Many of the aspiring actors and singers in the University of Virginia’s departments of Drama and Music can trace the roots of their passion for musical theater back to the cast recordings of “Les Misérables” and “Miss Saigon” that they memorized growing up. Many of them maintain vivid memories from the stage productions of those award-winning musicals that they attended with their parents.
None of them, it is safe to say, envisioned getting the opportunity to rehearse with and perform in front of Alain Boublil and Claude-Michel Schönberg, the creators of the plays that in decades of productions remain worldwide hits. For three days last week, however, the acclaimed duo served at UVA as artists-in-residence, holding workshops and fielding scores of questions about their theatrical creations and their composition and libretto-writing experiences.
Their visit was supported by funded by the Arts Endowment, a permanent fund established in 2014 to expand, improve and promote excellence in the arts at the University, and was co-sponsored by the Office of the Provost, the Vice Provost for the Arts, the Department of Drama and the Department of Music.
In classrooms with faculty and aspiring student actors, in rehearsal with the University Singers as they prepared for a Feb. 23 performance of some of the most memorable songs from their musical adaptation of Victor Hugo’s “Les Misérables,” and in a pair of well-attended public appearances last week, Boublil and Schönberg offered encouraging critiques to performers and creative insight to University and community audiences.
“I think intimidating is the first word that would come to mind, but it also was such an honor and an exciting experience to be able to perform for them,” said Wesley Diener, a third-year music major and member of the University Singers. In addition to singing with the chorus, he performed “Empty Chairs at Empty Tables,” from “Les Misérables,” as a soloist at the Old Cabell Hall concert.
“They were sitting right in the front, so it was challenging to try not to watch them while performing,” Diener said of Boublil and Schönberg. “But the concert was amazing. It was really fulfilling and exciting to get to rehearse before them. It definitely gave me a greater insight into their work. To be able to interact with them in that way, it was so interesting to hear where their initial interests in musical theater and music came from.”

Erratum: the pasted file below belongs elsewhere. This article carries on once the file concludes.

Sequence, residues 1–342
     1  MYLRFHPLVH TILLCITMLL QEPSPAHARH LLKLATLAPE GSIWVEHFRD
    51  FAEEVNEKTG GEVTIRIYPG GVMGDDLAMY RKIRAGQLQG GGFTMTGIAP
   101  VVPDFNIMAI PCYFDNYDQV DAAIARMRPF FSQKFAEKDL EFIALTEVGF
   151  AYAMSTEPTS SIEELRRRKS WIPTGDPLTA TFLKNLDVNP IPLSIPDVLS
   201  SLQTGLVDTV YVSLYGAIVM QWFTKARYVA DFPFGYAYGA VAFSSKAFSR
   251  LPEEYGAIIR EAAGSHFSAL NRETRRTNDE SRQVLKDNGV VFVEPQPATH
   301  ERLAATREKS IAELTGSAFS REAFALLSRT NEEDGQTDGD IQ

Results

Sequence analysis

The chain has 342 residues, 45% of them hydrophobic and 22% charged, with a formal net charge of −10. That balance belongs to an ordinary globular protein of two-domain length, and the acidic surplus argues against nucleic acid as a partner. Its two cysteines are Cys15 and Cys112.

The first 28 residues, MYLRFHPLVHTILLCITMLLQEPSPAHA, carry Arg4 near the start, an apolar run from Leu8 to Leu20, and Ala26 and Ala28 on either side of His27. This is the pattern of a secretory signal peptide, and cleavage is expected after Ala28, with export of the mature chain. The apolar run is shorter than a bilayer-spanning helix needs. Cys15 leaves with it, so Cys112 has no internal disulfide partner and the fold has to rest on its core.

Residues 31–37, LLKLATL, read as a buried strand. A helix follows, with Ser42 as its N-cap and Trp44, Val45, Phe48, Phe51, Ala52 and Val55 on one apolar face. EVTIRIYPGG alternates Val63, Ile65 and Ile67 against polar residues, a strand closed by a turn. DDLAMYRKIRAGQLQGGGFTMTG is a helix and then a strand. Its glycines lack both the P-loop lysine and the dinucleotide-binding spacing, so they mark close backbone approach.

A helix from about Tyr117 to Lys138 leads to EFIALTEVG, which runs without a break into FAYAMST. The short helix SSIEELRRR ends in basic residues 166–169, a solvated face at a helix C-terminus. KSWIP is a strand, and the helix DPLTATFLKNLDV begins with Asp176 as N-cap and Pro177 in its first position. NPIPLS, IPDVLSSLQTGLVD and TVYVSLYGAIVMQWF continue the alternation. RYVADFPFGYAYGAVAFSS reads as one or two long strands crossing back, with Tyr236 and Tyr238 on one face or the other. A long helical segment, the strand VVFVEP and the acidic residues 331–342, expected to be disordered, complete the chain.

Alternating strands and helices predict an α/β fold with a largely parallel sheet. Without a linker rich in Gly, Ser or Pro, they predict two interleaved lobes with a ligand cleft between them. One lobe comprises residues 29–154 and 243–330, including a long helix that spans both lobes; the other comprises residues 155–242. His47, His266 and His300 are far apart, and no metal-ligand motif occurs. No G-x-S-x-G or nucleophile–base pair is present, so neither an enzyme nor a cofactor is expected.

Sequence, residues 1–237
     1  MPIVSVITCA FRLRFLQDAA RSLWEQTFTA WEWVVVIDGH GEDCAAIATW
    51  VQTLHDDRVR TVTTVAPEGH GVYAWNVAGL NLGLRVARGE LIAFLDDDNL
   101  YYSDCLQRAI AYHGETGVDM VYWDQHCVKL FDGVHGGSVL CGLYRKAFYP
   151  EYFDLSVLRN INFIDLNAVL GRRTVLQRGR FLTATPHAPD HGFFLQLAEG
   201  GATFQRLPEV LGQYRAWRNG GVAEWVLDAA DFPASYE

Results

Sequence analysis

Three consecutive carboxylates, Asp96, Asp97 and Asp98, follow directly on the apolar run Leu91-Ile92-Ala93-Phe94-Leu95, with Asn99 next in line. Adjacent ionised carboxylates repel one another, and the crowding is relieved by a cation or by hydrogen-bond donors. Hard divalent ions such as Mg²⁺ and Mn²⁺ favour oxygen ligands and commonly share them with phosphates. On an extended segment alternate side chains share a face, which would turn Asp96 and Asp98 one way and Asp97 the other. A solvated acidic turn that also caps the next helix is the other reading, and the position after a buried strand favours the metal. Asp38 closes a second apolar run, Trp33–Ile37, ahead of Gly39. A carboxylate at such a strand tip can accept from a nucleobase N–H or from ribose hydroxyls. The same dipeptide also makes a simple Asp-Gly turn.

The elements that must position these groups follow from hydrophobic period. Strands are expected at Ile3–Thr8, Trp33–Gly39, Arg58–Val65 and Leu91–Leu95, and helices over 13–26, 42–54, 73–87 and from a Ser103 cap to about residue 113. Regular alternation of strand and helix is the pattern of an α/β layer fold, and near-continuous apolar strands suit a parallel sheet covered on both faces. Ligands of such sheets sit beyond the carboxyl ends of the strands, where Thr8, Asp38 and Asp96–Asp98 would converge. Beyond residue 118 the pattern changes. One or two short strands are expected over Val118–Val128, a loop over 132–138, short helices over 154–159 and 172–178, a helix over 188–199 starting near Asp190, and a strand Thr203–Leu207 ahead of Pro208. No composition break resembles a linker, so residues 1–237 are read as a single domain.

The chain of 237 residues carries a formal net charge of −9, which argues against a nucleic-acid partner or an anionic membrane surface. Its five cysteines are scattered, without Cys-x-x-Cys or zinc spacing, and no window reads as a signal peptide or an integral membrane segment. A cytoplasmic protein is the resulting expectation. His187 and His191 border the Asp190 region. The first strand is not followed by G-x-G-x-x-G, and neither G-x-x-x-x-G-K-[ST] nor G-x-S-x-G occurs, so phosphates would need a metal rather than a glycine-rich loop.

Boublil, a lyricist, and Schönberg, a composer, collaborated to open “Les Mis” in Paris in 1980. Five years later, it was introduced on the London stage, where it became a smash hit, and then a worldwide phenomenon. The musical has been seen by more than 70 million people in 44 countries and performed in 22 different languages, and has received more than 140 major theater awards, as well as three Academy Awards for its 2012 movie production. It is still on stage after 35 years.
Their musical “Miss Saigon,” first performed in London in 1989 and on Broadway in 1991, returned to Broadway this month following a successful new production in London. Schönberg said he was inspired to retell Puccini’s “Madame Butterfly” when he happened to see a photograph of a Vietnamese mother leaving her child at the Tan Son Nhut Air Base – the “ultimate sacrifice,” Schönberg thought, of giving up her daughter so that her American ex-G.I. father could give her a better life.
Their other major works together include the rock opera “La Révolution Française” (1973), “Martin Guerre” (1996), “The Pirate Queen” (2006) and “Marguerite” (2008). They are working together currently on a revised version of “Martin Guerre.” Last year, they were honored at a New York Pops gala concert in Carnegie Hall, celebrating their 40-year collaboration.
“The scope of their experience is so impressive, and they generously gave of their time, engaging with students and faculty in all areas of study, from stage to film and from composition to performance,” said drama department chair Colleen Kelly.
During their time on Grounds, Boublil and Schönberg discussed their efforts to bring “Les Misérables” and “Miss Saigon” to life on stage. They also shared their thoughts on musical theater today and coached student performers as they rehearsed in preparation for Thursday’s musical performance at Old Cabell.